The average office worker receives 121 emails per day. This, along with the fact that criminals are getting smarter, means phishing emails are becoming harder to spot.
Even the most observant and diligent employee can mistakenly open a phishing email, causing serious consequences for your cybersecurity. In this article, we provide some helpful tips on how to protect your business from phishing emails.
A standard phishing scam involves scammers sending thousands of fake emails to people, asking for sensitive information, for example, bank details. A phishing email can also contain a link to a website that, if clicked on, can download a damaging virus.
The senders of phishing emails aim to trick the recipient into sending money or stealing the recipient’s identity.
To ensure your employees can recognise and report a phishing attempt, it is important to have the following policies and procedures in place:
This means that an employee’s access to the network is limited to what is required for them to perform their duties.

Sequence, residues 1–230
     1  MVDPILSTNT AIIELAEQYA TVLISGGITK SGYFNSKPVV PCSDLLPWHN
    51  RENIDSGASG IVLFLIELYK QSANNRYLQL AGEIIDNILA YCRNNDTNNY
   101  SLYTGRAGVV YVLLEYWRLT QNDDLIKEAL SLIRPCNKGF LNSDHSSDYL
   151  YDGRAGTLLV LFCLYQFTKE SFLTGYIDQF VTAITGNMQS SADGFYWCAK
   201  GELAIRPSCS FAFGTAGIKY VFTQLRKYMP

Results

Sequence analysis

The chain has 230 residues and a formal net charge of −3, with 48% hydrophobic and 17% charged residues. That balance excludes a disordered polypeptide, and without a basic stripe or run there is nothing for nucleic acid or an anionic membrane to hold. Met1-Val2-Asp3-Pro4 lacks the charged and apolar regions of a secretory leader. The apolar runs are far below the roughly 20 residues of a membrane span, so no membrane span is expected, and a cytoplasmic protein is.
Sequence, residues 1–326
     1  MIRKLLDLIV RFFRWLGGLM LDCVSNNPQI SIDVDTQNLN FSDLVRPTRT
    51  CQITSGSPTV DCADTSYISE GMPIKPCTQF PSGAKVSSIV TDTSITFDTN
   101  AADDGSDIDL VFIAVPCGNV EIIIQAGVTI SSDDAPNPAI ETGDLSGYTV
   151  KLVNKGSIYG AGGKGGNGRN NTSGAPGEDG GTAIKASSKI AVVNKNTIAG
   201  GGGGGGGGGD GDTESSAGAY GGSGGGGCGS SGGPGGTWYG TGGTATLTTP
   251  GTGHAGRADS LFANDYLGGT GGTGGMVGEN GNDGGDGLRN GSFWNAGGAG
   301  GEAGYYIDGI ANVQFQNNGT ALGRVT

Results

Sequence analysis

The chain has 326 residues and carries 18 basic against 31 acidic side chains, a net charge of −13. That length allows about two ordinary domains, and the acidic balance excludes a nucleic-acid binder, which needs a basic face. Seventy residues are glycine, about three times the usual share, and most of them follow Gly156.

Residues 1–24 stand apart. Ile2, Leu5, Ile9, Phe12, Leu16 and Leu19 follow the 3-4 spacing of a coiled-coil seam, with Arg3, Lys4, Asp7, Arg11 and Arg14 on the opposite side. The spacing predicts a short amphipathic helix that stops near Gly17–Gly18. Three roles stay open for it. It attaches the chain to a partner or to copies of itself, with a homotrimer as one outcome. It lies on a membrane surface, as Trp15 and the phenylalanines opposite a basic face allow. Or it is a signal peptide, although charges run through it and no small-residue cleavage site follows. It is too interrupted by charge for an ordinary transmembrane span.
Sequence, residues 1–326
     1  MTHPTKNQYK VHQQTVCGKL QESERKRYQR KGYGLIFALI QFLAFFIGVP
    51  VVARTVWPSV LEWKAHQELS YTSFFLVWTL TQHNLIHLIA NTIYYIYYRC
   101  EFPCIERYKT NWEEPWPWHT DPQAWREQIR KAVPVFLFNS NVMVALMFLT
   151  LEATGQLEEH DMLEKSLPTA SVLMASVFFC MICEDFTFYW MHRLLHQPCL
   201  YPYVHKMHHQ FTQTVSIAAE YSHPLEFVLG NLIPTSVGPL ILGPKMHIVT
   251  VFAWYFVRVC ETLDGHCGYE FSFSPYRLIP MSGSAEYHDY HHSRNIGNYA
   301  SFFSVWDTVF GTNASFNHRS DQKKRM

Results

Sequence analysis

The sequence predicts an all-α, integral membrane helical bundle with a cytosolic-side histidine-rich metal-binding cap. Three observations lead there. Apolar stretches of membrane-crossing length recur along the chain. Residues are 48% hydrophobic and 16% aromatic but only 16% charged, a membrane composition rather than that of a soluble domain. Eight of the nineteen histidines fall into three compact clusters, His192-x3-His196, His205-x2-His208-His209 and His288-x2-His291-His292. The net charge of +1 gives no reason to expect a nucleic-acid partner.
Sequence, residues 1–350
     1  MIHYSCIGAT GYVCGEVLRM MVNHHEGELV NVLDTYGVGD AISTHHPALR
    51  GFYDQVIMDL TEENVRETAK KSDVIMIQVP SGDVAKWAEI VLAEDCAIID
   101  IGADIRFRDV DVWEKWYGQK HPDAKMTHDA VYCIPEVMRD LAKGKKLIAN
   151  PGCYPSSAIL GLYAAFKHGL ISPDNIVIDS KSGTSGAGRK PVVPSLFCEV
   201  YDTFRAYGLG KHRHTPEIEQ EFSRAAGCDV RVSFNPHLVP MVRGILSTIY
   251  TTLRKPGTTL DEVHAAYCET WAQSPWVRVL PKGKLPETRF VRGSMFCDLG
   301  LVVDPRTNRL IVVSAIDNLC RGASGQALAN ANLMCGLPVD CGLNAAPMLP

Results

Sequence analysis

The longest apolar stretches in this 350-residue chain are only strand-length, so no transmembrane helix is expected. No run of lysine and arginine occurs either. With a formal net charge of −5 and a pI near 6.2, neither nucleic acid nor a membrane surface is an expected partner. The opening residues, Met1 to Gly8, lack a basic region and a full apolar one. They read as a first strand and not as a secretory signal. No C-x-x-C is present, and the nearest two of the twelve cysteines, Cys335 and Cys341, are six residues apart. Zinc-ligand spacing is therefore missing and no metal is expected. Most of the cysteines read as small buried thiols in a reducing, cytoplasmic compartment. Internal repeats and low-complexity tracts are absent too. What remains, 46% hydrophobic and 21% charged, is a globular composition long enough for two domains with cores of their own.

This will mitigate any damage should a staff member fall victim to a phishing attack. Furthermore, do not allow an employee using an account with Administrator privileges to open emails or browse the internet.
Most scam emails come from overseas, so might be written in poor English with clear spelling and grammar errors.
No reputable organisation will ask someone to provide company or personal bank details by email, so this is an obvious sign that the message is a scam. Employees should also be alert to any emails from high-ranking officials, especially if they are asking for money.
Remember, all the information contained on your company website and social media accounts can be used by scammers to create bespoke phishing emails.
Keep track of your organisation’s digital footprint, including any online information provided by suppliers and/or partners. And encourage employees to consider how much personal information they put on the internet, not only for the protection of the company but also for their online security.
The adage of ‘if it seems too good to be true, it probably is’ applies to phishing emails. It is highly unlikely that a stranger wants to give your employees money or access to some secret area of the internet. By empowering your employees to identify and report phishing emails, you will drastically reduce the risk of a cyber-attack.
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